Redux: Where the Wind Has No Name

Of all the evocative place words humans have come up with, the words for local winds may be the most varied and most charming. There’s the Albrohos of Portugal, the Gilavar and the Khazri of Azerbaijan, and the Shamal of Iraq. There’s the Cape Doctor of South Africa, the Hawk of Chicago, and the Wreckhouse winds of Newfoundland. […]

The Map Box

I keep a wooden box on my bedside table. It’s cheap – an old Yalumba Wine case that I found on a curb somewhere, with a hinged lid and a shred of price tag still attached. Usually, it’s stacked high with magazines half read, a thing seldom opened and often dusty. But in all of […]

Sensory Underload

Three years ago on about this day in early June I was stuck in a whiteout. Camped in an icebound mountain range in south-central Alaska, my buddies and I found ourselves pinned down for two days in near-zero visibility on an icefield. A heavy, snow-laden sky had come down and smothered us. As mountaineers say, it […]

Damage Patterns

The other night I was in the midst of writing about the Ice Age when I strayed to the internet. Up came the Pulitzer Prize for breaking news photography that went this year to New York Times photographers Mauricio Lima, Sergey Ponomarev, Tyler Hicks and Daniel Etter for their coverage of the European refugee crises. Fresh from writing a […]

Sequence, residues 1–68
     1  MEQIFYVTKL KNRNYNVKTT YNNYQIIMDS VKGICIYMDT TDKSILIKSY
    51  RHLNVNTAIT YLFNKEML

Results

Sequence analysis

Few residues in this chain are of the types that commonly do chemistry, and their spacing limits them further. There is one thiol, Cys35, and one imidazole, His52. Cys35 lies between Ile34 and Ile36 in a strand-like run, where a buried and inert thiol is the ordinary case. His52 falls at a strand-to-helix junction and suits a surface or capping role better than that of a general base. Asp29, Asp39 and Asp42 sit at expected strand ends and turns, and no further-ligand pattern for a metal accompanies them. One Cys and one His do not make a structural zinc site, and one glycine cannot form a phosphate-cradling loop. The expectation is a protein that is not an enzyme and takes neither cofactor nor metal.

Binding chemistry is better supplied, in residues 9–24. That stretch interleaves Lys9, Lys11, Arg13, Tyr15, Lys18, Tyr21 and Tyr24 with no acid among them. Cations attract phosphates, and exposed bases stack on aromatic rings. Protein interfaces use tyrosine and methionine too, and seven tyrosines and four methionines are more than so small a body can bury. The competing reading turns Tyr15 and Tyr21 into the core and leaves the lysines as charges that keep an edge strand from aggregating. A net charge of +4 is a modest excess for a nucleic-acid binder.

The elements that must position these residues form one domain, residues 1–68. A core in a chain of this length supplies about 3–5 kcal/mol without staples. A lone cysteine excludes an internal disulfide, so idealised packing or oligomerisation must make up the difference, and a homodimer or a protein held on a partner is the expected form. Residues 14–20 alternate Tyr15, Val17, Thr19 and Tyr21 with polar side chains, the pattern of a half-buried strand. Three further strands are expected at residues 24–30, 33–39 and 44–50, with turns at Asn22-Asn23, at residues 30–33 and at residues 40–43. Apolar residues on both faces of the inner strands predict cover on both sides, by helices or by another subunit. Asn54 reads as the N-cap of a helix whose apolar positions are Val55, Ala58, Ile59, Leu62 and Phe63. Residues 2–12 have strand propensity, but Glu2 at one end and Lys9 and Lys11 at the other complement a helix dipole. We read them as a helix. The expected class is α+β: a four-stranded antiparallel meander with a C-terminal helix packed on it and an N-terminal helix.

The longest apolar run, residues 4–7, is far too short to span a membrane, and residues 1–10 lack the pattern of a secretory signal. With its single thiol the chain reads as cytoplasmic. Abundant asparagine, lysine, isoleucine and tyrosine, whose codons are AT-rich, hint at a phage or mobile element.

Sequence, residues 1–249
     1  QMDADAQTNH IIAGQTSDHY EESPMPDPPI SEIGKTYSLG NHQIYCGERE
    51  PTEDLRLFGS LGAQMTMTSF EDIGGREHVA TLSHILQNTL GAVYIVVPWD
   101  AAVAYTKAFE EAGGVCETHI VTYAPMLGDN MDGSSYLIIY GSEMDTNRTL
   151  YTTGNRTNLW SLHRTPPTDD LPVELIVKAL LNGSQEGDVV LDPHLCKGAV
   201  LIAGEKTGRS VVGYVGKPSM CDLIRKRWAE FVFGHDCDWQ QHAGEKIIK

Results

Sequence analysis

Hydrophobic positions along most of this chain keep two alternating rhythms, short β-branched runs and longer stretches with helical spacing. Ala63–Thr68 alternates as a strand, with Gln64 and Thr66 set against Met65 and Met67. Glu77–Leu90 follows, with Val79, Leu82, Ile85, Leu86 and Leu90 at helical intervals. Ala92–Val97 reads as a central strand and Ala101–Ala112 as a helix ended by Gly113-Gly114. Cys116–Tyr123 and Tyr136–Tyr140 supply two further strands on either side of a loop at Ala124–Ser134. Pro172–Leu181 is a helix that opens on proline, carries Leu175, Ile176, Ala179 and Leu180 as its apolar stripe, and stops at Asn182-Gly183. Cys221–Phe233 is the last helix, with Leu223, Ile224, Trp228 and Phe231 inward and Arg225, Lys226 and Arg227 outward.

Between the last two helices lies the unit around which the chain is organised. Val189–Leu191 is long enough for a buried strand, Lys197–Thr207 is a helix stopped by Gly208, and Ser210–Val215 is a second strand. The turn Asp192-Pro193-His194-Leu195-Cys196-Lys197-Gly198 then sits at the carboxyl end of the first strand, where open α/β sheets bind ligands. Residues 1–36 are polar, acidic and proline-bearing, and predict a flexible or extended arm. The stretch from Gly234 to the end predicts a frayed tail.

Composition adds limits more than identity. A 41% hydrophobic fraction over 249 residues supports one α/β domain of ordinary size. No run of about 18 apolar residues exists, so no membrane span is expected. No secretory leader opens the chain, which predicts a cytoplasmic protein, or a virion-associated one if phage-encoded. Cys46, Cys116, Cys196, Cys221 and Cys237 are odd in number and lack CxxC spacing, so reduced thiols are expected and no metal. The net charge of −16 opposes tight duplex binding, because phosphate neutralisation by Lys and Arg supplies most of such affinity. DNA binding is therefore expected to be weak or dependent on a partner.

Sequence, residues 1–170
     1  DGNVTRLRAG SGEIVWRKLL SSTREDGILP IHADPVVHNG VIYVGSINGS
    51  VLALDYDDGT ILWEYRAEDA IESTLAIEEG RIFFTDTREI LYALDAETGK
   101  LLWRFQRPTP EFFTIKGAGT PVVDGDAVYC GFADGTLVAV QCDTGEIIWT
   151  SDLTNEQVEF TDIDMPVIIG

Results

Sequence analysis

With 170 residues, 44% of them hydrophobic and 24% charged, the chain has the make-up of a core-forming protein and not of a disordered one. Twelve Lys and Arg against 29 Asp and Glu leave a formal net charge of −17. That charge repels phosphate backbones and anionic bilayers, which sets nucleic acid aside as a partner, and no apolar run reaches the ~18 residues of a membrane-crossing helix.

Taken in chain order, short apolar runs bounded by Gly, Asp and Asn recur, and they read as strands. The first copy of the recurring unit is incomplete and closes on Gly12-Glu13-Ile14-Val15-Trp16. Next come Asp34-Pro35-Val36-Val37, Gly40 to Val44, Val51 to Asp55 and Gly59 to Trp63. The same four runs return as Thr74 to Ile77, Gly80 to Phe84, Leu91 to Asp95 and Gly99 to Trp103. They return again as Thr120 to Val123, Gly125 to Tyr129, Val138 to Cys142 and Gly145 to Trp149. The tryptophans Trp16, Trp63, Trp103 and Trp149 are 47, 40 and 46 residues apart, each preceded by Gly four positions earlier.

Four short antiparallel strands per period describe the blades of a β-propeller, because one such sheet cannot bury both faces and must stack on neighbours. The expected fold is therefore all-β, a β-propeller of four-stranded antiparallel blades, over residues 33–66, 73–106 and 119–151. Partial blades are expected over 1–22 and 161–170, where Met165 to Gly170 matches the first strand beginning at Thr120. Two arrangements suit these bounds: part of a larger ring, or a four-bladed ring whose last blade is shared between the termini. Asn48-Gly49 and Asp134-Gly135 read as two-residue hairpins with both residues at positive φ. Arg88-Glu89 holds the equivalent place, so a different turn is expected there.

Redux: The Xenotopian Impulse

Until last week, I’d never heard of the Broomway. Now I long to walk it. The Broomway is a paradox: a path through the ocean, a six-century-old walkway that disappears each day. It begins on the southeastern coast of England and heads straight out to sea, crossing about three miles of sand and mudflats until […]

Live from the Bering Land Bridge

My desk is a mess, skulls, books and papers strewn. The cast of a saber-tooth cat skull sits on the corner, resting on its two double-edged daggers, reminding me of the book I am writing about the first people in North America, and what they encountered. As I crab myself over the keyboard, the Smilodon skull […]

Give a Science Writer a Stage

The Devil had two tattooed women in tight skirts holding a rope taut on stage. One he told to stand on her toes while the other crouched slightly. The rope between them showed a slight angle downward, which the Devil said expressed global mean temperature decreasing slightly from 1998 till now. The Devil’s data was cherry picked […]

Let’s stop pretending we give a damn about climate change, 2015 edition

In 2011, I wrote about how little that year’s climate conference had accomplished. The latest edition of the Conference of the Parties to the United Nations Framework Convention on Climate Change just wrapped up in Paris over the weekend with a historic agreement. Nearly 200 nations acknowledged the importance of keeping global temperatures from rising […]